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Monday, November 30, 2015

The Phoenix

In tenth grade my best friend’s father purchased a New Hampshire inn and that fall she moved away, leaving us both inconsolable. The following year her parents invited me to live with them for the summer while working as a waitress in the dining room. In June, I moved from suburban Boston into a back bedroom in their 1790’s inn, situated at the head of a common in a town of twelve hundred. Talk about culture shock. But to this day, I define the experiences that summer and the following one when I returned, as the period in which I first came to know myself—and to imagine the type of person I wanted to become.

Many years later, the inn, so centered at the core of me was sold and I grieved. Even though I could visit, it wouldn’t be the same, but even worse, a series of new owners failed to run the place successfully. Foreclosures resulted and it remained empty for extended periods. So, when an invitation arrived to celebrate the recent wedding of this same friend’s daughter at the inn, open again and under new management, I was all in. We booked a room for the night after the party and last weekend, my husband and I took the trip north.

Here’s the thing. We can’t relive history, really.  But if we’re lucky, we get to step through emotional ghosts. My husband and I opened the door to the inn to find my friend waiting to greet us, and discovering her there stripped me down to oh-so-young-me. Much of the place had changed—walls opened up, bedrooms removed to allow for cathedral ceilings below, a pizza oven installed on the back porch where I celebrated my sixteenth birthday. But, the bones remained, and while we were there, the place echoed a happiness I remember, reflected in the smiles of the bride and the groom and her parents—even on the faces of the energetic couple who now run the place.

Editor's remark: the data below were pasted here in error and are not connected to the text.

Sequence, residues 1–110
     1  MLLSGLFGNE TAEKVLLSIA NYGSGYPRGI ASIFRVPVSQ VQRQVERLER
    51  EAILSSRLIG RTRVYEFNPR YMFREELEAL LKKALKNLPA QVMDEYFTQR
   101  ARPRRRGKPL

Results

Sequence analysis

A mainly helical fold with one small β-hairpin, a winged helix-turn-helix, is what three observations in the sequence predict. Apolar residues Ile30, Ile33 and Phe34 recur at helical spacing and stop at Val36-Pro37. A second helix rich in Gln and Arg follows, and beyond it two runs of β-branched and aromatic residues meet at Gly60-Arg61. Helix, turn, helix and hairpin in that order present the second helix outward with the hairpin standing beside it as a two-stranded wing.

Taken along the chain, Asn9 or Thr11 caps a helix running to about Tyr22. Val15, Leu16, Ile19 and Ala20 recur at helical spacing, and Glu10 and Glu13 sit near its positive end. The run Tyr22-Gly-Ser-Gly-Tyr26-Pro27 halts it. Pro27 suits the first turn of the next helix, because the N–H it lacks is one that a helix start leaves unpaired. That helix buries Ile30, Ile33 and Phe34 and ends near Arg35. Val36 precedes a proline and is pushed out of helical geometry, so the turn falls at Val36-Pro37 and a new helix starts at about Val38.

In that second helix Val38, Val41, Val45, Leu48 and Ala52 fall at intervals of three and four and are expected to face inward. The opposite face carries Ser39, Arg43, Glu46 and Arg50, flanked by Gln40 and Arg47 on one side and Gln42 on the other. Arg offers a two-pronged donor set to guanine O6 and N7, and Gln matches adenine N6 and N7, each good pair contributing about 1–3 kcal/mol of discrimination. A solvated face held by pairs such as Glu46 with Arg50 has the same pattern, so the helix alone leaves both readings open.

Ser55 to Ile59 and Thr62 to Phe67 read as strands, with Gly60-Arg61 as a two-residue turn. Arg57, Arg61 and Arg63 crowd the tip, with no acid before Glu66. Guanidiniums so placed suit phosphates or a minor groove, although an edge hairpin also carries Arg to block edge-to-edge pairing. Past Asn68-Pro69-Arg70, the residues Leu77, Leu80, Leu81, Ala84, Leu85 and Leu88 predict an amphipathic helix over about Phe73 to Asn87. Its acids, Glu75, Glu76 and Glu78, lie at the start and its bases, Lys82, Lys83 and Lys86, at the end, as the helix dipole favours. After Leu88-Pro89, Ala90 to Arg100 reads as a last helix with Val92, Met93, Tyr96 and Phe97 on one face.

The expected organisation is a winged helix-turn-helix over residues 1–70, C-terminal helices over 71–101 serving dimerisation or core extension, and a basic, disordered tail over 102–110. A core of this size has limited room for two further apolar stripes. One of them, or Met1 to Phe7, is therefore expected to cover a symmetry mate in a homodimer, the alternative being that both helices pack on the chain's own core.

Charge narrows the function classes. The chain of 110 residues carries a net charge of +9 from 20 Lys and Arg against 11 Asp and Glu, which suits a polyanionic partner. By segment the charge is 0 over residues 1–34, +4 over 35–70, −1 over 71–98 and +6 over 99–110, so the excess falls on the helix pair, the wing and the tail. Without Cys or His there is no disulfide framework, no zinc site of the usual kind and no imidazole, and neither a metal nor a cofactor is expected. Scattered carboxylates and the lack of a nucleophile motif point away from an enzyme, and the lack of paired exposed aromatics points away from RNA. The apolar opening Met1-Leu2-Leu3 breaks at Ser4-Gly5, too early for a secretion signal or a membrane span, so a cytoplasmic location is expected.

Following the afternoon reception, my husband and I took a long walk. By the time we returned, a line had formed for the dining room where we’d hoped to eat, so we claimed two stools in the expanded pub. Over delicious salmon and risotto there, we chatted with the couple next to us.  Around us glasses clinked, the beat of conversations blended with music performed by local college students. All this evidence of the inn’s revival fed a furnace in my heart. 

Before we left the next day, I took a picture of outside of the building, unchanged from when I was a teen.  As it disappeared behind us, I felt as if I’d been allowed to finger my history through a soft cloth, before handing it off.  I went home comforted to have touched the patina of the past, but more importantly, grateful to see it polished into a gleaming, present-day shine.

Monday, November 16, 2015

Of Rags and Riches